Tuesday ReadsPosted: October 26, 2021
A huge nor’easter is moving up the coast and will likely hit us this afternoon. New Jersey and New York have already declared states of emergency. It has already been pouring rain here for the past two days and it will continue into tomorrow. We are expecting 70 mph wind gusts, maybe a bomb cyclone, and, of course, power outages. I just hope I don’t lose power. I need to get a better flashlight.
The Washington Post: Intensifying nor’easter lashing Northeast with flooding rain and high winds.
A storm offshore the Mid-Atlantic explosively intensified Monday night, and it is buffeting the Northeast with strong winds and flooding rains.
Flash flood watches are up from extreme northern Delaware and New Jersey through eastern Pennsylvania and most of southern New England. Up to five inches of rain are possible, falling on soils that are largely saturated following an exceptionally wet summer. Parts of New Jersey have already seen more than 4 inches, with rainfall rates topping an inch per hour….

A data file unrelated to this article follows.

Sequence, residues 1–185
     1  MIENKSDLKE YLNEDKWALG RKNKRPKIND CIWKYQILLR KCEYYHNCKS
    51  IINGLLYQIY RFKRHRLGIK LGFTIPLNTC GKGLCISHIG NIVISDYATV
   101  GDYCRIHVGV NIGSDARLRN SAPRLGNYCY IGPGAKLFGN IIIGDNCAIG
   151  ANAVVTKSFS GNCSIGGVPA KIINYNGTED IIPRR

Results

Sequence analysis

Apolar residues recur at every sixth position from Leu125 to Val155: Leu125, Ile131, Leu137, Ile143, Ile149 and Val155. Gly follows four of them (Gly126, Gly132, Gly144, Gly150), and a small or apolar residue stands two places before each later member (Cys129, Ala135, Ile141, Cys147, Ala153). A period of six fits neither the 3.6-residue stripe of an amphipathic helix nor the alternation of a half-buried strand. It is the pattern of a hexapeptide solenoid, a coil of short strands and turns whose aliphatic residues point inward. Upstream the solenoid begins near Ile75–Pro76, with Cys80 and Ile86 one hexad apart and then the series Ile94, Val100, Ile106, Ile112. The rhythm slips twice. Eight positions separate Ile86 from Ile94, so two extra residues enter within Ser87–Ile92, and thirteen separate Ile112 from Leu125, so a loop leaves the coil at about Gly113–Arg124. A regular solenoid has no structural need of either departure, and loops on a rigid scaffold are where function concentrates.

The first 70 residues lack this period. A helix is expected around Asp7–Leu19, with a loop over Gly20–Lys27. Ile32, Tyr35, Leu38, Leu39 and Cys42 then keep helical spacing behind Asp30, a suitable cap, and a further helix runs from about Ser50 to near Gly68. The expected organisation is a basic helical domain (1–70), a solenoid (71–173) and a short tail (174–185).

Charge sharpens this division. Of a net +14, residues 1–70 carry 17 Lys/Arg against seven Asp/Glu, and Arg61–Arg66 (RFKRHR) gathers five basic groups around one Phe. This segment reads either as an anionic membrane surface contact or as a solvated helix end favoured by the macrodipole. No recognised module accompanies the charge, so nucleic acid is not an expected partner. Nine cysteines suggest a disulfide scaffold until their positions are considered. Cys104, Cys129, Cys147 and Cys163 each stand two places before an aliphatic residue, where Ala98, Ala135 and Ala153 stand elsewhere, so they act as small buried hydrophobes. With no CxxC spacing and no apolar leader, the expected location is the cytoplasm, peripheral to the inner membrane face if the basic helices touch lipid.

Wind advisories also stretch from the nation’s capital to the coastline of Maine, with a high-wind warning up for the shorelines of Massachusetts and Rhode Island, where gusts could top 70 mph. The nor’easter is the first of two sprawling storm systems that will bring inclement weather to the East Coast this week. Its rate of intensification is expected to qualify it as a “bomb cyclone,” or a storm that strengthens with unusual haste.
The storm is the final act of a destructive ensemble that brought tornadoes to the Ozarks and Midwest on Sunday and a line of strong thunderstorms to parts of the Mid-Atlantic overnight Monday, which unloaded 1 to 3 inches of rain from Washington to Philadelphia. By Tuesday, rain and downpours were exiting offshore of the Delmarva Peninsula, spiraling into a new developing low pressure center taking shape off the East Coast.
But nearly half of Americans are deluded about what causes climate change, according to a new poll.